1786 ENGLISH POETRY 1579-1830: SPENSER AND THE TRADITION

Samuel Johnson

Richard Graves, "Elegy on the Death of Dr. Samuel Johnson" Graves, Lucubrations (1786) 216-20.



Mature in age, with fame, with honour crown'd,
For virtue reverenc'd, as for wit renown'd;
Whose bosom glow'd with purest precepts fraught;
Whose life express'd each precept which he taught.
Such Johnson was — but is, alas! no more!
Let Literature herself the loss deplore;
With Piety and Virtue by her side,
In sable mourn their guardian and their pride.

Though life is frail, all human glories vain,
Yet Johnson's bays unfaded shall remain;
His works survive, to future ages dear,
And latest times his memory revere;
Who first from fashion's laws our language freed
(A task, where none but Johnson could succeed;)
With genius, taste, and erudition join'd,
Each term abstruse, each dubious phrase defin'd,
And fix'd the standard of that wavering tongue,
In which himself had written — Pope had sung.

As plann'd by him, e'en dictionaries please;
He moral truths has taught with classic ease:
Add, that his writings blend, thro' every page,
The christian hero, and the learned sage.

Our Poets' works, with critic skill he weigh'd,
Their faults, their beauties, and their lives display'd.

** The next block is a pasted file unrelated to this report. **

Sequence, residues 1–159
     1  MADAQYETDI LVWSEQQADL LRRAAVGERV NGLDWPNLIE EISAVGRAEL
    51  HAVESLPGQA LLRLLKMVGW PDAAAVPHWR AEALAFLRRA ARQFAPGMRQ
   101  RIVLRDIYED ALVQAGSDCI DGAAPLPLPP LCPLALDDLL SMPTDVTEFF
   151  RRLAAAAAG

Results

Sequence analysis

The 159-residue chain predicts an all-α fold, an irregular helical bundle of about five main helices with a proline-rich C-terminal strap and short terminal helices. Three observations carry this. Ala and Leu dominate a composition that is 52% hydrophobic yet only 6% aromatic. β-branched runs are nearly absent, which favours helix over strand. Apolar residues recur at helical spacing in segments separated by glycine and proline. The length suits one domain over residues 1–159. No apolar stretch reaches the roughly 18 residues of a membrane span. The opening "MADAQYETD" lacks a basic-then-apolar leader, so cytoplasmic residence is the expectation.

From him, to judge with freedom we may learn,
And solid sense from empty sound discern.
Himself correct, he hardly knew to spare
Those bards, who boldly vend unfinish'd ware.
Unaw'd by names, if by too rigid laws
Some bards he judg'd, who merit just applause,
With equal candour, by a gentler test,
He others tried, whom rival wits oppress'd.
E'en Watts and Blackmore, whose flat strains abound
With pious traits, in him a patron found.

But while we justly praise what Johnson wrote,
Are then his humble charities forgot?
Himself not rich, he shar'd his slender store
With those who were, but ought not to be, poor;
Sought modest merit, in its dark abode,
The naked cloth'd, and gave the hungry food.

Nor were his friendships less his joy or pride,
With whom in friendship Garrick liv'd and died.
And Reynolds, doom'd, alas! his friend to mourn,
And deck with cypress wreaths his hallow'd urn;
Whose matchless skill has done, what painting can,
That those who read his works, may view the man.
Nor, Thurlow, thou disdain thy meed of praise,
Whose bounty strove thy drooping friend to raise,
If haply warmer climes might yet restore
That health, which medicine could assist no more.

Stern foe to vice, by virtue's friends caress'd,
Thus Johnson liv'd, with learned leisure blest;
Happy through life, yet happier in his end,
Who, dying, claim'd his Saviour for his friend.
Ob. 13 Dec. 1784.